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Montana milk doesn’t always come from cows. At KJ’n Ranch, sheep are milked twice a day to produce the smooth and creamy lactose-free beverage.

Jim and Kim Ashmore, owners of KJ’n Ranch, have been in the sheep business for about 25 years. They started out with sheep for meat with Dorper sheep from South Africa. They do custom cuts and have a signature sausage line, which is sold at farmers markets and Real Foods.

KJ’n Ranch has been located in Helena for about eight years. A year ago, dairy operations opened.

“About 15 years ago we were approached to open the dairy,” Kim said. “I’ve spent all that time researching what was the available and what it would entail.”

Kim was raised on a goat dairy farm in California and so was familiar with raising goats. However, she never really liked the taste of goat milk. So, she thought it would be fun to give sheep milk a go. She didn’t have any clue on some of the pieces necessary for a sheep dairy and so spent many years studying.

Jim retired from the Air Force. While he was in the military the couple lived in Europe.

“Over in Europe you get sheep cheese and sheep milk all over the place,” Kim said. “We were familiar with it.”

Milking sheep

Jim and Kim Ashmore, owners of KJ’n Ranch in Helena, milk the sheep twice a day to collect milk for pasteurization and to make into cheese.

Dairy operations are not cheap. So before taking any steps, the Ashmores did a feasibility study. That took about 11 months but revealed the demand is there.

“We wanted to make sure we would not fail,” she said. “People want to know where their food comes from, the farm-to-table concept."

She set out to learn all she could. She is artisan certified, which involved a lot of science and chemistry.

“Cheese is a science,” she said.

“A lot of people don’t realize that certain cheeses are 100% sheep cheese,” Kim said. “They originated with sheep and the cow industry tweaked it for their milk. You can take milk from any of the animals and make cheese and process milk from them.”

Camel, horse and water buffalo milk has to be tweaked based on coagulants and lipids to create cheese.

From there they applied for and received a USDA grant and Montana Business Assistance Connection loan.

“The dairy has been received quite well,” Kim said. “Part of this is an education for people to understand that, yes, sheep give milk. Yes, there is sheep cheese.”

Not all sheep are high milk producers. The couple invested in Lacaune sheep, from the Roquefort region in France, and East Friesian sheep, from Germany. They breed the ewes and sell the offspring.

Sheep milk is a great substitute for those who are lactose intolerant or don’t like goat milk. Goat milk tends to have an acidic flavor and take on the flavor of whatever the animal eats. 

“If they get into some bad sage or ragweed or anything that has a pungent flavor or odor, that goes into the milk,” Kim said.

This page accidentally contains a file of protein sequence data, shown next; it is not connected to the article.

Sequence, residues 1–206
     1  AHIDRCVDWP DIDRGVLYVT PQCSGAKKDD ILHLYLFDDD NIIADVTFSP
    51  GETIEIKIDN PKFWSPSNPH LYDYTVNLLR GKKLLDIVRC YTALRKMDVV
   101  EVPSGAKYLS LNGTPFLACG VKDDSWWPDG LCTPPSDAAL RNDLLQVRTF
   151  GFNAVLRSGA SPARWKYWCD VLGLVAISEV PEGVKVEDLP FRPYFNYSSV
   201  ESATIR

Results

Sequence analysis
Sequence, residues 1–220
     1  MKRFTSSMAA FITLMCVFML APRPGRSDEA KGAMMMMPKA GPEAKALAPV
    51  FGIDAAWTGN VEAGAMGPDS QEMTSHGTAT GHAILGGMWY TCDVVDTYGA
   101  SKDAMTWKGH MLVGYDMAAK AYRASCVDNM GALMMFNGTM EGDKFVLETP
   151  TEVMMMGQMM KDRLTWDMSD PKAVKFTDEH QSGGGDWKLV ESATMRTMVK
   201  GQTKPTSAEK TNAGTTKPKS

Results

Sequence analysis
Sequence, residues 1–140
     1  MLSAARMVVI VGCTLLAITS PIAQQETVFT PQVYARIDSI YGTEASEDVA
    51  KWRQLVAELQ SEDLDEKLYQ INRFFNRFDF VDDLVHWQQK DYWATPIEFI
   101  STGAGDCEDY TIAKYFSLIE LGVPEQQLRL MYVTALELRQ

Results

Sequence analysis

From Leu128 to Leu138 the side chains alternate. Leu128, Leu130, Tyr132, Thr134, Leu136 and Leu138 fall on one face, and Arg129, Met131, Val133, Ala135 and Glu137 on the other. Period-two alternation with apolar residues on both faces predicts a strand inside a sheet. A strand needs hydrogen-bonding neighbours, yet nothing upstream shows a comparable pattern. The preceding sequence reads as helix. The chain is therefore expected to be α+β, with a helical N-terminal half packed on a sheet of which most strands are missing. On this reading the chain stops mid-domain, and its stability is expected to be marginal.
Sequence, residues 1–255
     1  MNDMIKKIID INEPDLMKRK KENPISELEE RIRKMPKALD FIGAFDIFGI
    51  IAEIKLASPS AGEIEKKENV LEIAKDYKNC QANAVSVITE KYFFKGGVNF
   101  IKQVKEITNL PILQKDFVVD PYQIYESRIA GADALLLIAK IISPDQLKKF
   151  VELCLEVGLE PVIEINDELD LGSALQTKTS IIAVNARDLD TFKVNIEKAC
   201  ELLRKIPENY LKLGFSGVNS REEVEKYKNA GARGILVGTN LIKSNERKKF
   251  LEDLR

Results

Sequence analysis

Milk from sheep and cows does not take on flavors of what the animals eat.

“I can make any kind of cheese I want to. With sheep cheese, Roquefort cheese is 100% sheep cheese. Montego is 100% sheep cheese," Kim said, adding that she has not seen either of those made from cow or goat milk. 

"We can make any kind of the hard cheeses, your Gouda, jack, cheddars," she said. "We can make dry and wet feta.”

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One of her big sellers and a child favorite is cheese curds. They are packaged in small containers for an affordable and easy snack.

Her signature flavor is salt, but she also does garlic and onion and has even tried taco and chili flavors.

The curds are a quick and easy cheese with about 36 hours required for processing. Wet feta takes about three days out the door for sale. Dry feta takes up to three months.

Kim is picky about what she makes and says tweaking cheese recipes can be interesting. She prefers to stick with what she likes.

“It’s easier to sell,” she said. “We artisans can sell a product we like.”

There are three sheep dairies in the state and KJ’n is the only Grade A sheep dairy in Montana with pasteurized, bottled milk.

Production this year is just beginning. Milking is done twice a day and, with 40 head of sheep, can take up to two hours. Each ewe gives milk for about two and a half minutes each time. The first week of milking takes longer as there are new ewes that never have visited the milking parlor.

Sheep are milked three at a time in a stanchion. Kim preps them with a warm wipe-down and inspection. Jim tests each ewe's milk with a quick squirt of the teat to check for blood or lumps. They get a trough filled with grain treats during the process. If all is well, the ewes are hooked up to a gentle pump that coaxes the milk out and into a container.

The containers are moved to the pasteurization process and eventually on to where it will be bottled or made into cheese.

Everything is done in the sheep barn and the the processing rooms are kept clean and sterile.

Kim is proud of how clean she runs the area and points out that it has to be that way because she is state and federally certified for meat as well as USDA certified for meat and milk. The inspector drops in frequently for a checkup or just to visit.

There are more than 100 sheep on the ranch, 40 on the dairy side of the business with the rest part of the meat herd. Currently, everything is being done by the Ashmores. Jim said he never thought he would be a sheep rancher but is as committed as his wife to making their venture successful. Kim said they are going to soon hire staff so she can devote more time to cheese making.

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